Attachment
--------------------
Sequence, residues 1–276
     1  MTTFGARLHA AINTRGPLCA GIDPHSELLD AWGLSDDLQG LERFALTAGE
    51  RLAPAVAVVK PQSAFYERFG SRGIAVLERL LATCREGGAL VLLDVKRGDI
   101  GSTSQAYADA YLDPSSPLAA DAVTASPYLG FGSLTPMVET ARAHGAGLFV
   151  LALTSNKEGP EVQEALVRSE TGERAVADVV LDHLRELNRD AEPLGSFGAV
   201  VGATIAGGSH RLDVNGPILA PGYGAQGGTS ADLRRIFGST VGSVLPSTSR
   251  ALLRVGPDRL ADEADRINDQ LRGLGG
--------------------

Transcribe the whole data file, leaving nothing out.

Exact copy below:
Sequence, residues 1–276
     1  MTTFGARLHA AINTRGPLCA GIDPHSELLD AWGLSDDLQG LERFALTAGE
    51  RLAPAVAVVK PQSAFYERFG SRGIAVLERL LATCREGGAL VLLDVKRGDI
   101  GSTSQAYADA YLDPSSPLAA DAVTASPYLG FGSLTPMVET ARAHGAGLFV
   151  LALTSNKEGP EVQEALVRSE TGERAVADVV LDHLRELNRD AEPLGSFGAV
   201  VGATIAGGSH RLDVNGPILA PGYGAQGGTS ADLRRIFGST VGSVLPSTSR
   251  ALLRVGPDRL ADEADRINDQ LRGLGG